Lifestyles

New Year, Old Me

Resolutions With No Solutions Are Not Worth Making

By Victoria Priola

Every year on December 31 there is no escaping the countless “New Year, New Me” tweets and Instagram pictures. And every year the people who post them stay just the way they are.

The New Year holiday is seen as a day of revival for the society of today. It is viewed as a new beginning, a chance to put the crap that happened the previous year away forever by getting blacked out drunk and making a list of resolutions for the year ahead.

Resolutions are made by millions, butvery few people actually stick to their goals. According to Forbes, 40% of Americans make New Year resolutions and only 8% actually accomplish them.

Having short and long term goals is one thing, but expecting to cure cancer in the course of a year is another. According to U.S. Gov., some of the most popular resolutions made every year are to lose weight, quit smoking, save money and manage stress.

TIME also lists those resolutions in their “Top Ten Resolutions That Are Broken” list. Why are the resolutions of Americans so difficult to accomplish?

During the time period of January to March, gym memberships and therapy attendance is at a high. But as the year progresses, the resolutions made are forgotten and not acted on. Whether it is laziness or a busy life, 32% of Americans are disappointed with their results but will proceed to make resolutions for the next year.

The unintentional torture to oneself is done by a culturally forced desire to change, and a lack of long term planning or thought. Celebrities who make the covers of trash magazines gloating about how they lost a hundred pounds in ten minutes give Americans the sense that if Kim Kardashian could do it in no time, then so could they.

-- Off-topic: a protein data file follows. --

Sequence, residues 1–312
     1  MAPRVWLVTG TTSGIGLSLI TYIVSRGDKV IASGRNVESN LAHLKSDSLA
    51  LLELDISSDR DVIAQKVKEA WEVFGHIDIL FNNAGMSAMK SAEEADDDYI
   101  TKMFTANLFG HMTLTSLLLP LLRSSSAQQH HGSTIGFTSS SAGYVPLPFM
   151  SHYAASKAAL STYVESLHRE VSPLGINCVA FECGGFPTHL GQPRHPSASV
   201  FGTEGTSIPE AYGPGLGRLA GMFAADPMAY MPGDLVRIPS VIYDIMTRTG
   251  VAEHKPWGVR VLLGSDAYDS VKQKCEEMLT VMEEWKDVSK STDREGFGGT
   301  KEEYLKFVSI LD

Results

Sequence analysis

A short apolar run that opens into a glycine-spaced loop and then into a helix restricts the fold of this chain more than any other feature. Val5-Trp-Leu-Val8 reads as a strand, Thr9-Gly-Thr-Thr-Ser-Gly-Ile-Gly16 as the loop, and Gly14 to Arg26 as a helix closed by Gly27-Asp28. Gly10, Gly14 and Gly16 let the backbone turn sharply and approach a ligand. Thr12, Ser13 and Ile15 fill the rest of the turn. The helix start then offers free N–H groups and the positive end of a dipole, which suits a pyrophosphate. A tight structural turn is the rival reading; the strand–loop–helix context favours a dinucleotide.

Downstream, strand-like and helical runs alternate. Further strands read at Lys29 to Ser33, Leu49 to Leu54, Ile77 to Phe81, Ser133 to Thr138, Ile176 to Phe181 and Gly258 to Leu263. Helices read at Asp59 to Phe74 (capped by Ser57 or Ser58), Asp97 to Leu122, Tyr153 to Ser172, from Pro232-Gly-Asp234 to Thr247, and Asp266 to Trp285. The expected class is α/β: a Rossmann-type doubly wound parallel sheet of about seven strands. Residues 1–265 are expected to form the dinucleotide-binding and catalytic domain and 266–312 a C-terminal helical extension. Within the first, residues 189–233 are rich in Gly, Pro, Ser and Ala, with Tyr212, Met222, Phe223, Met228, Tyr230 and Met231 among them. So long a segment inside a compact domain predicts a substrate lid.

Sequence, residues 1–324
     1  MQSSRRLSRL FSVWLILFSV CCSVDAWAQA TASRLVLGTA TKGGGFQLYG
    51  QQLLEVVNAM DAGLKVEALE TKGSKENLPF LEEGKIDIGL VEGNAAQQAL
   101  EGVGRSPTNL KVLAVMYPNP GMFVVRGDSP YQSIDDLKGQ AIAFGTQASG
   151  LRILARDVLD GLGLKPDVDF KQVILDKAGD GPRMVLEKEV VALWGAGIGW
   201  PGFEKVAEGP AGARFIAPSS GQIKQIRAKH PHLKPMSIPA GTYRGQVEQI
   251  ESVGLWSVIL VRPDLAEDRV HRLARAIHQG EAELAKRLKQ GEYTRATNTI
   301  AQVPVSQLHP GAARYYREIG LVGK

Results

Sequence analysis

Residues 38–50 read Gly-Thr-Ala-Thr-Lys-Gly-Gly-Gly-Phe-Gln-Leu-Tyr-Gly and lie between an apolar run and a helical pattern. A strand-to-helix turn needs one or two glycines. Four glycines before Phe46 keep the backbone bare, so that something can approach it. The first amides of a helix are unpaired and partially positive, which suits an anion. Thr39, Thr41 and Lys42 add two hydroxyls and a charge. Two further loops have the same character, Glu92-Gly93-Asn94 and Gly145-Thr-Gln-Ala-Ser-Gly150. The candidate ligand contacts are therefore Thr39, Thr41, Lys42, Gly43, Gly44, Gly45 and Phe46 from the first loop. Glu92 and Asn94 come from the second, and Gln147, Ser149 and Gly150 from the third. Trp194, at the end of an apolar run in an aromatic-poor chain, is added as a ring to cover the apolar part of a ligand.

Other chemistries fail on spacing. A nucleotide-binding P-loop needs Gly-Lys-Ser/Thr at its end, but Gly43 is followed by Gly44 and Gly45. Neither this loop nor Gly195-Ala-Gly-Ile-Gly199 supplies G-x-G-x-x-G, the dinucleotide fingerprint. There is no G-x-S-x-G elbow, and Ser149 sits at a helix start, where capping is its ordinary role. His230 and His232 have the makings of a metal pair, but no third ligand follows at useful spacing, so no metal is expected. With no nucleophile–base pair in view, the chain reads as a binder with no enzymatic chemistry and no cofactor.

According to the Centers for Disease Control and Prevention, a weight loss of a pound per week is the way to keep the weight off for good. As for smoking, Babycenter.com says that it takes several months to quit the habit.

Sorry to burst your bubble but New Years is only a day. It’s just like every other one.

The Gregorian calendar we use today uses January 1 as “New Year’s Day” but in the Middle Ages it was subject to change. Some of the old days to start the new year were March 1, March 25, Easter, September 1, and December 25.

How about a lifestyle change that lasts beyond a year? How about starting today instead of January 1? A day will not change your life. Only you can do that.

A tip to save money found on Pinterest is to always pay with cash. When you get your change, save all the five dollar bills you receive, put them in a safe place and forget about them (but don’t forget the safe place). After three or four months of doing this, you’ll be saving money without even knowing.

Can’t afford a gym? Workout at home! Jillian Michaels’ 30 Day Shred routine is on YouTube and its completely free. If possible, always take the stairs or walk to wherever you need to go to burn extra calories.

There are facilities at the CSI Health and Wellness Office to help students quit smoking such as nicotine packets and Peer Educators to talk to.

2014, it’s been real. Something to add to your 2015 New Year’s Resolution’s list is to not have resolutions, have solutions.

 

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Categories: Lifestyles

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